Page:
What does she want? this woman who has buried her baby? She’s looking for people to wake up to the truth that a profound sickness has a hold of our nation. A sickness that treats people of color as less than other people. She’s looking for people who will act and refuse to be silent in front of injustice and inhumanity.
She said, “I see my daughter’s death not so much as a travesty or a tragedy but as a testimony, a testimony of how some people are treated differently by law enforcement, a testimony for the truth which so many don’t want to look at, a testimony that is a call to action if we want our other sons and daughters to live in a different world.”
She said, “I am angry, and I know I must not let anger define me. I must--and we must--channel our anger for action.”
One of her words jumped out at me: “anchored.” She spoke of being anchored to a faith community that calls her to ground herself in love rather than anger. And that’s what I am grateful to be reminded of. It’s what we all need when we face crisis.
I can’t but think of how Rev. Martin Luther King, Jr., spoke of being anchored in a faith community so that we can be instruments of love, radical love.
Now that there is only one degree of separation between me and the late Sandra Bland, notably her mother and her mother’s pastor, this work is ever more personal.
I can imagine what a bright, thoughtful, articulate person Sandra must have been because her mother is such a devoted, thoughtful, and engaging individual. Her testimony fuels me for the journey.
Sandra Bland’s death and the death of so many others point to a profound sickness in our nation--and in ourselves. We must wake up to love, radical love, born of crisis, struggle, and hope. I’m grateful for the Leaders Network that calls us to uncover and generate this kind of love, to act on it in connection with others, keeping hope alive, and to bring forth the Beloved Community.
It’s been fifty years since the Voting Rights Act and there’s not much to celebrate.
The historic Voting Rights Act became law soon after--and largely because of-- the harrowing marches in Selma, Alabama. And now, after being gutted by the Supreme Court a year ago, opening the way for several laws that make it difficult and more inconvenient for minority and low-income people to vote.
In the last five years, several states have enacted voter-restriction laws at a pace never seen since the 1890s at the beginning of the Jim Crow era. These laws require photo IDs, limit voting hours, eliminate early voting, prohibit same-day registration. The result is suppressing turnout among African Americans, other minorities, and young people.
Some of the laws are so glaringly discriminatory that the Supreme Court has overturned the most egregious of these, but this requires tremendous amounts of work, money, and time on behalf of those who seek equality in voting. That’s was the whole point of the Voting Rights Act--new laws regarding voting needed to be reviewed in certain states due to the history of racist behavior and a pattern of discriminatory laws.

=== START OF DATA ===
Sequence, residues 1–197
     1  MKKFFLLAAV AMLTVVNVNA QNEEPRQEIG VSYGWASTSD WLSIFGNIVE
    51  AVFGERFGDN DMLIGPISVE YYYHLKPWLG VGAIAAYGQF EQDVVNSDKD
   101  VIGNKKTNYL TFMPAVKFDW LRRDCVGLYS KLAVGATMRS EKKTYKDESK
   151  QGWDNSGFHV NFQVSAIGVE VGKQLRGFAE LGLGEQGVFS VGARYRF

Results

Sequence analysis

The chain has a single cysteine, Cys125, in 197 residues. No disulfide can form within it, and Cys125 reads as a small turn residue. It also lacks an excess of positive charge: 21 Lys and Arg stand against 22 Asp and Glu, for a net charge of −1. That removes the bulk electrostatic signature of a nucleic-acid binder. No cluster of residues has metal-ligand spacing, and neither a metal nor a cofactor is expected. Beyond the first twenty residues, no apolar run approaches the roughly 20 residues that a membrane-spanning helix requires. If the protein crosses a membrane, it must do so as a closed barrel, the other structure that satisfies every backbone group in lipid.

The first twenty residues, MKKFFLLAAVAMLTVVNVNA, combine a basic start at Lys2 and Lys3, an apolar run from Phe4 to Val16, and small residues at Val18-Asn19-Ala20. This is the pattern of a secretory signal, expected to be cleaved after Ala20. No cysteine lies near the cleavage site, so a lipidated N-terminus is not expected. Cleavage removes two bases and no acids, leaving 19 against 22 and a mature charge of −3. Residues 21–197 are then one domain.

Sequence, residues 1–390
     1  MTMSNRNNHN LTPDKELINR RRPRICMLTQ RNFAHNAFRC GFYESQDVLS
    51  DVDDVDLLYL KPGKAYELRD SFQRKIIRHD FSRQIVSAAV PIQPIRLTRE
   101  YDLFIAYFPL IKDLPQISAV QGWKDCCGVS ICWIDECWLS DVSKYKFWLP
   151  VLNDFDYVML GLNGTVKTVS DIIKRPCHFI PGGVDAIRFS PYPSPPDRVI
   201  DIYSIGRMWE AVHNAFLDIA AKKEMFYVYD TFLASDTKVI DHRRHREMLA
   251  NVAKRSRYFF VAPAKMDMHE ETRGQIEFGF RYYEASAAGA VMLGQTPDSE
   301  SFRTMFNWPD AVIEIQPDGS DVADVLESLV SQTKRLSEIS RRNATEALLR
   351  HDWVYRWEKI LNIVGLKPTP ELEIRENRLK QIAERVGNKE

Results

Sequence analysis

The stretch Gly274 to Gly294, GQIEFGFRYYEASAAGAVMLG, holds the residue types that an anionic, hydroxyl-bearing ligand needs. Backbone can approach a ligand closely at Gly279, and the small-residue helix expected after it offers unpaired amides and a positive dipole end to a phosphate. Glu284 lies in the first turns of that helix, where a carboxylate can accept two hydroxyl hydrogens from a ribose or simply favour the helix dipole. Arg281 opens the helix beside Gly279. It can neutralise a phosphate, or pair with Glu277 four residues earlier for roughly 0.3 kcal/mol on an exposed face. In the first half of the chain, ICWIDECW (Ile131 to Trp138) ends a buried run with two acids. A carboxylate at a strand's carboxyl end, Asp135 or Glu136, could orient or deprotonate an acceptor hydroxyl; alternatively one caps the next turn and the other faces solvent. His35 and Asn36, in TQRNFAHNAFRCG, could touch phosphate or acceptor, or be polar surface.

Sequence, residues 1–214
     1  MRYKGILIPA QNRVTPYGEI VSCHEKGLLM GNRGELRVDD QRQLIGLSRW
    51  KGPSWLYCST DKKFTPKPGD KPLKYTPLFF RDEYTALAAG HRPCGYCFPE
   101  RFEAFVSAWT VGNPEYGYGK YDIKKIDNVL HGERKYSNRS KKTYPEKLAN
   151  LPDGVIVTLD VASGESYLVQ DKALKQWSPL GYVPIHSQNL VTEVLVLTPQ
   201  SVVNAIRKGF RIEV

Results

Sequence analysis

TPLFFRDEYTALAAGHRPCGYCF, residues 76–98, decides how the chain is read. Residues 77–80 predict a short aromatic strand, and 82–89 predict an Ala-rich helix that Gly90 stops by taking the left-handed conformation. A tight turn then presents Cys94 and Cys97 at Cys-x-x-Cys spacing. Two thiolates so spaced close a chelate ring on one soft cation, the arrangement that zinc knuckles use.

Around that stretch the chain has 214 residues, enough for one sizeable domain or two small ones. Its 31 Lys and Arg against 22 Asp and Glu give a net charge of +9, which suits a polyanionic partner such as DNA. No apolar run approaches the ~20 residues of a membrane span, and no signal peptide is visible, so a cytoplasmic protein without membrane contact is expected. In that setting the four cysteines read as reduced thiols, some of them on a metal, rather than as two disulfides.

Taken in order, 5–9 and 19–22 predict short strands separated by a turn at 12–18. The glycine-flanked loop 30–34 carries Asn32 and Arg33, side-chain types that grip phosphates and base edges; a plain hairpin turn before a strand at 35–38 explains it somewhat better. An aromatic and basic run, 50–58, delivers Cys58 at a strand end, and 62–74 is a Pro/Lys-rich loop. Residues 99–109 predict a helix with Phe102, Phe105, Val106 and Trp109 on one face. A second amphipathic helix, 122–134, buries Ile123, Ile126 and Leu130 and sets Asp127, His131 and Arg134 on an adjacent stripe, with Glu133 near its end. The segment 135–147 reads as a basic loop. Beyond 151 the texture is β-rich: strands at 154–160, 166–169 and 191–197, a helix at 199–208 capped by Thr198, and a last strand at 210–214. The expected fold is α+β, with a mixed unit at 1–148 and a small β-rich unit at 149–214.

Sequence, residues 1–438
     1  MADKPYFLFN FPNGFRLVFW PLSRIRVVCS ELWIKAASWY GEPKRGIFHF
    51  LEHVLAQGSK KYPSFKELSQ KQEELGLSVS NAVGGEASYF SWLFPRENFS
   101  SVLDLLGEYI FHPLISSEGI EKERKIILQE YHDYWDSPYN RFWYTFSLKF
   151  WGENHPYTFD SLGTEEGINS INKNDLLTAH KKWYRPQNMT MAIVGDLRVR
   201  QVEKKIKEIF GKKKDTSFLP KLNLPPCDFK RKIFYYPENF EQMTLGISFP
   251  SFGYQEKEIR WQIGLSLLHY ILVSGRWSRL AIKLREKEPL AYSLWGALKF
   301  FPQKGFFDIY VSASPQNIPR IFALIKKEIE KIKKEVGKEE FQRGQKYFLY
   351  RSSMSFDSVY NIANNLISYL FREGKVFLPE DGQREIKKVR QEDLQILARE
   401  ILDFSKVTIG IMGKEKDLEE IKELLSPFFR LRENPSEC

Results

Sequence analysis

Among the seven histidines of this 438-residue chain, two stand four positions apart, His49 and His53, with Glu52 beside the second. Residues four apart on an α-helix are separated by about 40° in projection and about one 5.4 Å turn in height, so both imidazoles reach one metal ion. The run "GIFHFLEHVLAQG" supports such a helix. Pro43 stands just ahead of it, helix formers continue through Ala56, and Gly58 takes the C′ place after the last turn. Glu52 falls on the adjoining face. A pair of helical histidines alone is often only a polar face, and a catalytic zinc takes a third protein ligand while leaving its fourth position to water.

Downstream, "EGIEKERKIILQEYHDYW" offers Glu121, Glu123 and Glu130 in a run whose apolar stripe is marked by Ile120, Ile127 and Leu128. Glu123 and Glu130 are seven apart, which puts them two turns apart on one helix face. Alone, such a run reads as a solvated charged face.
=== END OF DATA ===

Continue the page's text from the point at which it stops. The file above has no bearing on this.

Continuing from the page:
One of those current laws is one in Texas. You can vote only if you have a valid identification. A driver’s license or a gun license (no joke--the NRA made sure that was included). But a student ID? Nope, can’t vote. Not even if it’s from a state university.
Fortunately the Supreme Court saw the craziness of this bill and overturned it earlier this week... But that law wouldn’t have been on the books--and upheld for a year--if the Voting Rights Act was still in effect. Here's the full story.
But the pattern of laws that are being developed is, as Morris Dees says, “shameful. It’s outrageous. And it’s un-American.”
I appreciate his leadership in mobilizing progressives to reclaim the ballot box for the many Americans who are now losing access as the result of a decades long campaign to erase the Voting Rights Act.
To help encourage voting and the push for voting rights, Morris Dees with the Southern Poverty Law Center are making their new Teaching Tolerance documentary Selma: The Bridge to the Ballot, available free to community groups.
The Voting Right Acts of 1965 is not the only travesty remembered this week. This weekend marks the first anniversary of Michael Brown’s death.
Over the past year, videos have emerged of police killing black men, only after the police account had intentionally covered over what really happened. How common is this? Until this year, I wouldn’t have imagined it was very common. But now?
Given how this has happened again and again and again, just this past year, I wonder how anyone can argue against using cameras.
There’s no question now that race figures significantly. Although all our laws are race-neutral, the implementation of them are so often racially biased.
In honor of the Black Lives Matter movement that has emerged after Michael Brown’s needless and horrific death, I am becoming acquainted with black pastors here in the Chicago area and reading the experiences of my peers who have grown up in a different culture.
The future of our democracy depends on thoughtful people getting to know one another and waking up to where our nation fails to embody the ideals it professes. For there is a huge gap between the ideals upon which this country stands and the manifesting of these ideals for all people.